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Maher Uda's mother shows journalists a picture of her son at the family's home near Ramallah yesterday.
Maher Uda's mother shows journalists a picture of her son at the family's home near Ramallah yesterday.

Hamas blames Fatah for arrest

The arrest by Israeli forces of a senior Hamas commander has political rivals Hamas and Fatah trading heated words, and may undermine recent steps toward reconciliation.

GAZA CITY // The arrest by Israeli forces of a senior Hamas commander in the West Bank on Saturday night has political rivals Hamas and Fatah trading heated words over what Hamas claims was Fatah's role in the operation - and may undermine recent steps toward reconciliation. Maher Uda, 47, who was wanted by Israel for over a decade for his alleged involvement in a number of deadly attacks against Israelis, was arrested in a late-night raid in the West Bank's political capital of Ramallah, an area under the control of Palestinian Authority (PA) security forces loyal to the Palestinian president Mahmoud Abbas.

The Hamas spokesman Fawzi Barhoum told the AFP news agency that the arrest was "the fruit of dangerous security co-ordination between the Palestinian Authority and the [Israeli] occupation, because he was wanted and hunted by both parties". "The continuation of this security co-ordination is going to bury reconciliation alive because it comes in the context of uprooting Hamas and strengthening Fatah," he said.

There was no official comment from the PA, but a Fatah official, speaking to AFP, yesterday said of the arrest that Hamas was in denial over the "informers within its ranks". Hamas and Fatah have been at odds since they fought a series of battles on the streets of Gaza in June 2007. Hamas fighters routed secular Fatah forces aligned with Mr Abbas, leaving Hamas in control of the Gaza Strip and Fatah of the West Bank.

Since the division, Hamas has charged Fatah with "collaborating" with the Israeli occupation to the detriment of the Palestinian cause, while Fatah denounces Hamas as a pawn of the Iranian government, from which it gets substantial military and financial support. "Perhaps the Palestinian Authority didn't give the Israelis any specific information about Mr Uda, but they also decided not to protect him," said Assad Abu Sharakh, a Gaza-based political analyst and professor at the strip's Al Azhar University. "Either way, after the unclear circumstances of the Mabhouh assassination, this is another blow to Hamas. It may not be a serious one, but it is undoubtedly a blow."

Mr Uda's capture comes on the heels of the assassination of the top Hamas leader Mahmoud al Mabhouh in Dubai in January, after which two Fatah-affiliated suspects were also reportedly extradited from Jordan and questioned by Dubai authorities. The Dubai police chief Dahi Khalfan al Tamim also called on Hamas to carry out an internal investigation into whether or not one of its own leaked the militant's travel plans to the Israel's Mossad spy agency, widely believed to behind the attack.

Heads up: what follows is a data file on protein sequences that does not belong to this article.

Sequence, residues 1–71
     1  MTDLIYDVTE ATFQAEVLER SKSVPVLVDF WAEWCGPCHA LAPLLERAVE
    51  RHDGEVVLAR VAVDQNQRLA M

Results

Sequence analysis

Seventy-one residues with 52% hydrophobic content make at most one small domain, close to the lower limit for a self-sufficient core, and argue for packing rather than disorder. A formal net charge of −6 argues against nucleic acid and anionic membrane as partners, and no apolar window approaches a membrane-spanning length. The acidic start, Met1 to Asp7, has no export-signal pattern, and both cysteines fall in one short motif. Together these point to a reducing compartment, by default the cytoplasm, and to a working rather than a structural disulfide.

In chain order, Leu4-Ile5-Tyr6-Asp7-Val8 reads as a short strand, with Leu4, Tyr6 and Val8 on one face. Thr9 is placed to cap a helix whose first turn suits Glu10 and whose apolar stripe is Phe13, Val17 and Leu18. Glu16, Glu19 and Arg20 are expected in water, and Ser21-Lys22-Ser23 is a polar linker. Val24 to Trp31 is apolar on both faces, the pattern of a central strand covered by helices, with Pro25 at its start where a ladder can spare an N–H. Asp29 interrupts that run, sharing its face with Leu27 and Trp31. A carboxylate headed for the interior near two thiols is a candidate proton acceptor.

Egyptian-led efforts to forge a unity government between the two factions have so far failed to produce a solid agreement, even after a high-profile visit to Gaza by the senior Fatah leader Nabeel Sha'ath in February was largely seen as a move that would jump start stalled reconciliation talks. Fatah signed in October a reconciliation document drafted by the Egyptians and aimed at resolving contentious issues between the two - such as a joint Hamas-Fatah security force for Gaza, a reconstruction committee for the territory and, eventually, Palestinian presidential and legislative elections.

Hamas, which won an upset victory in Palestinian legislative elections in 2006 but whose parliamentary term expired in January, has so far refused to sign the document. "This [arrest] will definitely affect the reconciliation process between Hamas and Fatah, because one of their leaders was arrested on Palestinian territory," Mr Abu Sharakh said. "It has again planted the seeds of mistrust in the minds of each party, and they will step up their accusations against each other, putting reconciliation off even further."

Hamas claims Fatah and Egyptian officials made unilateral changes to the reconciliation document without its consent. "We accepted the Egyptian vision for reconciliation and made an agreement with Fatah on what the document should say," said the Hamas spokesman Taher al Nounou. "But when we received the document a second time, key points on elections and rebuilding security institutions were changed. We do not see this as an equal agreement."

The Gaza-based political analyst, Talal Okal, said Hamas and Fatah should stop pointing finger at each other in the wake of the arrest and own up to the fallouts caused by their respective political agendas. "It wouldn't be a huge revelation if someone from Hamas was found to be collaborating with Israel - and it also wouldn't be unusual if the Palestinian Authority co-operated in with Israel on this arrest," Mr Okal said.

"Fatah is on the path of negotiations with Israel, which translates into unpopular security co-operation with Israel in the West Bank, and Hamas seeks resistance," he continued. "They need to admit to each other that they are operating under different frameworks." foreign.desk@thenational.ae

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